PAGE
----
Defending our infrastructure from the impact of drought

In his regular column, Mike Ward, UK & Ireland territory director at global plumbing and drainage manufacturer Wavin, looks at what the recent extreme weather patterns mean for the UK’s water infrastructure.

Mike Ward, UK & Ireland Territory Director at global plumbing and drainage manufacturer Wavin

With the news that the UK experienced its hottest June on record earlier this summer, and as global temperatures continue to soar, the devastating consequences of climate change are becoming increasingly apparent.

With the average temperature at 15.8°C throughout the month in the UK – 2.5°C above average – June was both the hottest and driest June since records began in 1914. This is a pattern that has been reflected globally, with Europe experiencing a dangerous heatwave and the hottest temperature ever recorded in China in July.

When we see these rising temperatures and subsequent droughts, it is important to remember that alongside water scarcity, the associated threat of flash flooding is a very real danger. That’s because when drought takes hold, vast swathes of land remain parched, meaning that once the rain arrives less water can be absorbed into soil. This places our infrastructure under extreme pressure.

It is especially true in urban areas, where many of the existing water management systems date back decades, sometimes hundreds of years. Clearly, the challenges facing Victorian developers were profoundly different to those we face now with drought / deluge cycles, which makes upgrading our water infrastructure an urgent priority as climate change continues to bring more extreme weather patterns.

Rethinking the water cycle

Traditionally, the solution to flooding and water management was seen as getting rid of excess water as quickly as possible. This typically involves collecting heavy rainfall and redirecting to a pipe system, then sent off-site via a stormwater sewer or into a localised watercourse – all as quickly as possible. This unnatural ‘out of sight, out of mind’ approach often causes flooding further downstream, which also has implications for water quality.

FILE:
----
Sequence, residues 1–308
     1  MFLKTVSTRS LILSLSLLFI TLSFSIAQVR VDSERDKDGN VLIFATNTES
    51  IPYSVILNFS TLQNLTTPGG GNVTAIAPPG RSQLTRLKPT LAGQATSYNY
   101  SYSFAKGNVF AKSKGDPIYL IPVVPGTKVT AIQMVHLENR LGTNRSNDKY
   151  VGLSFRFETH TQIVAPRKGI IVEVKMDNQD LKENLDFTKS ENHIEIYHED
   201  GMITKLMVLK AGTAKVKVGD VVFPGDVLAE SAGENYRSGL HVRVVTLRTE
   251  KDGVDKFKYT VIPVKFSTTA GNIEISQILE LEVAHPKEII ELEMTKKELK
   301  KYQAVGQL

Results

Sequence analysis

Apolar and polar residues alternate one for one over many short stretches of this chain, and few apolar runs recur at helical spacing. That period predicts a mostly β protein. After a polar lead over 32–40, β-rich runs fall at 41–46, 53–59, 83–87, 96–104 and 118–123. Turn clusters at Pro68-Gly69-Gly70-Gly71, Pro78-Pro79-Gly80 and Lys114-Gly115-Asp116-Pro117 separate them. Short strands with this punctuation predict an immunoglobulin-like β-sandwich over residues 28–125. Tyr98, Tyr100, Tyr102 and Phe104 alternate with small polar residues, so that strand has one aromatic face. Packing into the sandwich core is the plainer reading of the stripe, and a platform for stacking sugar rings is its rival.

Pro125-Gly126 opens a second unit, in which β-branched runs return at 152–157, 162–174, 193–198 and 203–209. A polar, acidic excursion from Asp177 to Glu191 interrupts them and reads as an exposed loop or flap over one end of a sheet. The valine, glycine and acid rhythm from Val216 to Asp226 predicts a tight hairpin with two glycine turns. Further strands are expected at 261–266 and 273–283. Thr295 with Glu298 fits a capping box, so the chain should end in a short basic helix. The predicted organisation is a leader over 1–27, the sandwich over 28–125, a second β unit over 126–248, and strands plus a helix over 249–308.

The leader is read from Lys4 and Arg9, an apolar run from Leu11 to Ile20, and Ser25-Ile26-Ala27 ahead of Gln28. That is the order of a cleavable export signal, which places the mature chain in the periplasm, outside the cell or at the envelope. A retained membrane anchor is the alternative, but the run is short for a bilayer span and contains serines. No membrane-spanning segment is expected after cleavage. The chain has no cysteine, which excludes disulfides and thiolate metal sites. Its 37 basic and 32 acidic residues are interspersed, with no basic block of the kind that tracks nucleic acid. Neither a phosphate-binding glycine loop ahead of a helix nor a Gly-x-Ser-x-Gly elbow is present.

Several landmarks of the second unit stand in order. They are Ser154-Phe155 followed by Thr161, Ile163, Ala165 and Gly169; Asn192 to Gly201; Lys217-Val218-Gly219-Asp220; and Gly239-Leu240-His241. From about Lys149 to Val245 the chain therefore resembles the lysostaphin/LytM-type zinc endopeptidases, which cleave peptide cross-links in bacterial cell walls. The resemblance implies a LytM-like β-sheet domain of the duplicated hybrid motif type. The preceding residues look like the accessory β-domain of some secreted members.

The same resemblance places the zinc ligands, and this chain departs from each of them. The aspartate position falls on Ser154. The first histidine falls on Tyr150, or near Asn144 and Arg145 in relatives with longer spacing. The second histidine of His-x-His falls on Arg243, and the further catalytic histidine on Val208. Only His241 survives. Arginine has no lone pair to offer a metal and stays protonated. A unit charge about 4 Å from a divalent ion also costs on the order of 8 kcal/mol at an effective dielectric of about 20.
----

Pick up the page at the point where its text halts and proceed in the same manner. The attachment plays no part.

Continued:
Modern understanding of effective water management, however, sees the optimum approach as mimicking the natural water cycle. Systems that can effectively store heavy rainfall to prevent a build-up of surface water and decrease flow rates to localised systems are our best line of defence and will help us to mitigate the impact of the drought / flood cycle.

Wavin’s AquaCell
Wavin’s AquaCell

Modern solutions

By mirroring a more natural water cycle, sustainable drainage systems (SuDS) can help to alleviate the pressure put on localised watercourses and mitigate the impact of flash flooding following periods of drought. Their benefits are something that developers will already be familiar with, but with Schedule 3 of the Flood and Water Management Act of 2010 set to become enforced in 2024, it is crucial that developers are familiar with their regulatory obligations.

Schedule 3 will see a mandatory step introduced in the planning stage which will assess drainage systems and only allow the installation of pre-approved water management solutions in new developments. In urban locations, where space is invariably at a premium and therefore logistics take on a heightened level of importance, this presents a unique challenge to those tasked with delivering fit-for-purpose and compliant projects.

The latest technology has been designed to meet this challenge and give developers the tools they need to make crucial upgrades to infrastructure. Wavin’s AquaCell NG attenuation tank is a good example of a modern drainage system which features a unique, stackable design that’s perfect for urban projects. As higher population density leads to less space in towns and cities, this streamline design can help to improve site safety through decluttering, as well as reduce the need for frequent deliveries to sites – crucial from a logistics point of view. Having recently moved production of AquaCell NG to its Chippenham site, Wavin has shored up supply lines and ensured manufacturing of this infrastructure-critical technology is being undertaken in the UK.

The bottom line

The rising threats of drought and subsequent flooding are impacting how we approach water management. The implementation of Schedule 3 is in part a response to this, and SuDS will continue to feature prominently as we upgrade our capacity to mitigate the impact of climate change. Although the headlines of this summer paint a perilous picture, SuDS offer a robust line of defence in mitigating the impact of climate change on our infrastructure.




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